SCIENTIFIC NAME: Genus Camponotus APPEARANCE: Among the largest ants, from one-fourth to three-eighths inch long; most common species is black, but some have reddish or yellowish coloration; workers have large mandibles. HABITS: Normally nest in dead portions of standing trees, stumps or logs, or burrow under fallen logs or stones; invade homes in search of food; nests inside homes can do great damage; hollow out “galleries” in wood that are so smooth they appear to be sandpapered. DIET: Do not eat wood; will feed on nearly anything people eat, particularly sweets and meats; also feed on other insects. REPRODUCTION: Queen lays 15 to 20 eggs the first year, and up to 30 eggs the second year; eggs complete their life cycle in about 60 days; worker ants can live up to seven years, while a queen may live up to 25 years. OTHER INFORMATION: All kinds of houses, regardless of age or type of construction, are vulnerable to infestation and damage by carpenter ants; very difficult to control; colonies can contain up to 3,000 workers.
SCIENTIFIC NAME: Pogonomyrmex rugosus APPEARANCE: Less than 1/16-1″ (1-15 mm) long, are mostly black, brown, or reddish. HABIT: They have a complex social structure usually consisting of a wingless worker caste composed entirely of sterile females and a reproductive caste made up of winged, fertile males and females. But some species do not have a worker caste, and some reproductives do not have wings. Ants have a slender “waist,” or pedicel, of 1 or 2 beadlike or scalelike segments between the thorax and abdomen. DIET: Workers gather food, maintain and defend the nest, and tend eggs, larvae, and pupae. Most species are predators or scavengers, but a few harvest seeds, visit clusters of aphids to eat their sweet secretions, raise fungus for food in small underground gardens, or eat leaves cut from plants. Some species produce eggs, which are eaten by the queen and workers. REPRODUCTION: They differ from wasps in having distinctly elbowed antennae. Ants live in colonies in underground Online Pokies tunnels or in galleries in dead wood. From time to time, winged males and females emerge from the nest and perform a brief mating flight. After mating, the males die, and the females lose their wings and return to the ground to start a new colony. OTHER INFORMATION: When disturbed, most ants are capable of “biting” or “stinging” people. Warning These ants are capable of delivering a sting which does not hurt at first, but can result in intense pain and swollen lymph nodes, particularly if the victim is attacked by a number of workers.
Odorous House Ant
SCIENTIFIC NAME: Tapinoma Sessile APPEARANCE: Dark reddish brown to black, one-tenth inch long; antennae have 12 segments. HABITS: Nests found in a great variety of situations; in the home, often found nesting in the walls or beneath the floor; most likely to invade homes during rainy weather; travel in trails; forage day and night. DIET: Honeydew melons in the wild; inside the home, they prefer sweet items. REPRODUCTION: Each female in the nest lays one egg a day; young reach adulthood in an average of 24 days; workers and females live for several years. OTHER INFORMATION: When crushed, give off very unpleasant odor; colonies are very large, but can be driven away by invading Argentine ants.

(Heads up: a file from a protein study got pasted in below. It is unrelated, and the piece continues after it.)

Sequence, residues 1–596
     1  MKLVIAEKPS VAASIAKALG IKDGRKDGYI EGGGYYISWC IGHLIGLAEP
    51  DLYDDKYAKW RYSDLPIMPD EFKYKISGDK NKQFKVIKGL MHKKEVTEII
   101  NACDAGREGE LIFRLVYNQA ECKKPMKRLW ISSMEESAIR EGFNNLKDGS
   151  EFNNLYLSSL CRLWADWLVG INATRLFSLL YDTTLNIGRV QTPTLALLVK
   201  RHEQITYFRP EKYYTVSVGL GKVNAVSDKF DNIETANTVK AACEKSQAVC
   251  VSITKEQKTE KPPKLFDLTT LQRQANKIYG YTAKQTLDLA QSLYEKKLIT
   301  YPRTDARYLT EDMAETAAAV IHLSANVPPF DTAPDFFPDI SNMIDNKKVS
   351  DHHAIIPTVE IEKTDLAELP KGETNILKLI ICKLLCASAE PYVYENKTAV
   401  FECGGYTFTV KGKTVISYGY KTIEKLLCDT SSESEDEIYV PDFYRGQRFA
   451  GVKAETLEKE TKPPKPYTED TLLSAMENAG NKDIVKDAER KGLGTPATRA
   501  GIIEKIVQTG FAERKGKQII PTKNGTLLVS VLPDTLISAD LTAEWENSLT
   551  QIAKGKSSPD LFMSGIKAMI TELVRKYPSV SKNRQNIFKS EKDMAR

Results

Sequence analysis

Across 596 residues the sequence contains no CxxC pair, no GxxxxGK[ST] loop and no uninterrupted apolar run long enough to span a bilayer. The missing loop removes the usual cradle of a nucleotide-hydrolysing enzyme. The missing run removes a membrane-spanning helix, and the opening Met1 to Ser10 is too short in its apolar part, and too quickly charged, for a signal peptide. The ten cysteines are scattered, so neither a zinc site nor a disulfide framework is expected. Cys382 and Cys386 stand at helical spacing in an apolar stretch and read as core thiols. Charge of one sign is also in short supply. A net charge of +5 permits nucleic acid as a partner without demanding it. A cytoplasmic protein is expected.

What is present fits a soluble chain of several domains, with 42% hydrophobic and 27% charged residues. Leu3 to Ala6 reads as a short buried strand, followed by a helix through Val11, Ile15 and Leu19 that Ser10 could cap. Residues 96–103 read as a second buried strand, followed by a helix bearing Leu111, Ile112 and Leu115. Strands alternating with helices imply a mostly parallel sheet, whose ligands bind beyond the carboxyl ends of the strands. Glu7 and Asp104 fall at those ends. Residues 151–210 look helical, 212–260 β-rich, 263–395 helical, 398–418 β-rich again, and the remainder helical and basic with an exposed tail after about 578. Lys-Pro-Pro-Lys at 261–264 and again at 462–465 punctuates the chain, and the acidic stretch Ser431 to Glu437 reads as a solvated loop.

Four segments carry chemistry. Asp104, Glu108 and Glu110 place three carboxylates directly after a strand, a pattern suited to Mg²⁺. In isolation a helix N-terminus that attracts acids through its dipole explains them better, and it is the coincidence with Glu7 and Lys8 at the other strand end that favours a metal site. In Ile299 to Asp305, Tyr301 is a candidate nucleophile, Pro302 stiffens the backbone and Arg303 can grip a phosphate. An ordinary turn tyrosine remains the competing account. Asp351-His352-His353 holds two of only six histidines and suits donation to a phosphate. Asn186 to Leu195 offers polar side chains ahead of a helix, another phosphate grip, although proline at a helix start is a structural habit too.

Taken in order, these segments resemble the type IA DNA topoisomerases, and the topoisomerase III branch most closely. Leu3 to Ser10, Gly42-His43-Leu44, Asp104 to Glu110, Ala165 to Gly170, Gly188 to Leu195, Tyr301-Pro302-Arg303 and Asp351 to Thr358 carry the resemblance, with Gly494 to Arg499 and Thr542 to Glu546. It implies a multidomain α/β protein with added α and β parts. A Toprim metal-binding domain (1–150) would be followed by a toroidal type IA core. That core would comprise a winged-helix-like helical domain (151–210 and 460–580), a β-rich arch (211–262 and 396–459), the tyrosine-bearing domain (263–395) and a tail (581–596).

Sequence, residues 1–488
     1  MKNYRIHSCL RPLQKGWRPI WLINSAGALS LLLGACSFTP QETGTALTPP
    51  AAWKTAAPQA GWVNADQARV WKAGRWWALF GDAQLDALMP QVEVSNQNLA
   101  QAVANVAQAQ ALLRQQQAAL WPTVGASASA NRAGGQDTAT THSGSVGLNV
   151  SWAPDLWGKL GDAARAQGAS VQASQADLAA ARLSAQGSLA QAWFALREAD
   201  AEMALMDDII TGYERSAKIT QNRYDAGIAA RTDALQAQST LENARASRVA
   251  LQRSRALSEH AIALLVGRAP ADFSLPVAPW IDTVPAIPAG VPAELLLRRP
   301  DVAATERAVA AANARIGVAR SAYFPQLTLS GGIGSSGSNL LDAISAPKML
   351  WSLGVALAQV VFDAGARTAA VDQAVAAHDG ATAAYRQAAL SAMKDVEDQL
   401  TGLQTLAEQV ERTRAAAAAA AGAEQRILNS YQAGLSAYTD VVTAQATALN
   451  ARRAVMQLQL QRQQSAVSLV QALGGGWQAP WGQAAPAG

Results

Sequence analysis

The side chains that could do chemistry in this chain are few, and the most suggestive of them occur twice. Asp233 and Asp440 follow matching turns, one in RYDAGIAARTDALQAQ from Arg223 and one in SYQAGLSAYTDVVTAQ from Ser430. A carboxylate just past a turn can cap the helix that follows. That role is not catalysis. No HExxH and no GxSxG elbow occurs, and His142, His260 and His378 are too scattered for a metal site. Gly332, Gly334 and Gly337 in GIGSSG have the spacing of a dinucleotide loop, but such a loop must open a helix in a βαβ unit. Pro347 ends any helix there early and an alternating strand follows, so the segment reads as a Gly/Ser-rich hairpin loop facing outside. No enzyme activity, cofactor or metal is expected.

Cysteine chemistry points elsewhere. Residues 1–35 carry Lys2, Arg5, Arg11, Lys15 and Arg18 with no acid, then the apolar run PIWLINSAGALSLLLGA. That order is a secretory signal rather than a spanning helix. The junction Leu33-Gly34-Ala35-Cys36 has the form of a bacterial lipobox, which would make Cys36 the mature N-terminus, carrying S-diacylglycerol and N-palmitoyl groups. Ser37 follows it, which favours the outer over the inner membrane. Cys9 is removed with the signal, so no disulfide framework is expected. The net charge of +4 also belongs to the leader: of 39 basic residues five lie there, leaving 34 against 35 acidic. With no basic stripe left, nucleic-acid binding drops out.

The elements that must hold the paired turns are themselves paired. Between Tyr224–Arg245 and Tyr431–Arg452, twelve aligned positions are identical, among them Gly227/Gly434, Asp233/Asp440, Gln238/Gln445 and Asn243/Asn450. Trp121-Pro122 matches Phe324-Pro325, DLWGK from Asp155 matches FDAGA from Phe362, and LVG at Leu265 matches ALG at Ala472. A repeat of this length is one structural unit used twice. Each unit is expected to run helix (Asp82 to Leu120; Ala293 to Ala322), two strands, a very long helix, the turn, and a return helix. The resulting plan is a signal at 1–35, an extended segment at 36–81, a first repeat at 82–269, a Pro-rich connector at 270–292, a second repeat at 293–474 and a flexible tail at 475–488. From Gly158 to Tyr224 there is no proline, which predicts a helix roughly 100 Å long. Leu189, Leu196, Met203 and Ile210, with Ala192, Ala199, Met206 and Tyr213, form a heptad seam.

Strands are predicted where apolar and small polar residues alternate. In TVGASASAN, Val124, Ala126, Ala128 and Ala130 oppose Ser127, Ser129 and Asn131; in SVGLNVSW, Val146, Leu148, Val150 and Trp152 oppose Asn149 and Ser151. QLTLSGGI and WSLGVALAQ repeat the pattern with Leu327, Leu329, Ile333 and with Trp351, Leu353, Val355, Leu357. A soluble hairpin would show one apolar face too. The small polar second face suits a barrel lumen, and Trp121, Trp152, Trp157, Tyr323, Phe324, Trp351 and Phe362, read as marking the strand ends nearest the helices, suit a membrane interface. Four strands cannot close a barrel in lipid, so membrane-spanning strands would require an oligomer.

SCIENTIFIC NAME: Tetramorium Caespitum APPEARANCE: Light brown to black, appendages lighter than rest of the body; about one-tenth inch long; parallel lines on head and thorax; antennae of 12 segments. HABITS: Invade homes foraging for food throughout the year; nests are outdoors under stones, along curbing or in cracks of pavement; can nest indoors in walls and under floors. DIET: Omnivorous; will eat many things, but prefer greasy and sweet foods. REPRODUCTION: Queen produces five to 20 eggs per day; brood develops in about 40 days; young go through 3 larval stages. OTHER INFORMATION: Slow-moving; a particular nuisance around homes with slab-on-grade construction but can be prevented with residential pest control techniques.
SCIENTIFIC NAME: Lasius Niger APPEARANCE: Winged ants can be distinguished from termites by comparing certain features. Ants have a narrow (pinched) waist like wasps, whereas termites are virtually the same width from end to end and straight waist like a grain of rice. Ants and termites each have four wings, however, on ants the front wings are longer than the hind wings while on termites all four wings are equal size and length. Finally, the antennae of ants are bent or “elbowed” whereas termite antennae are straight. HABITS: At certain times of the year, ant colonies produce large numbers of winged individuals’ known as swarmers. These winged ants emerge from the nest to mate and establish new colonies. When a swarm of ants emerges inside a home, it is an indication that a nest is present within the structure. Fortunately, the success rate for swarmers establishing new colonies inside a home is low. Nonetheless, winged ants emerging indoors can be disturbing and often mistaken for termites. DIET: Omnivorous; will eat many things, but prefer greasy and sweet foods. REPRODUCTION: Queen produces five to 20 eggs per day; brood develops in about 40 days; young go through 3 larval stages. OTHER INFORMATION: Ants build their nests in many different locations both inside and outside of buildings. Species nesting inside or foraging indoors for food or moisture, tend to be the most challenging to control.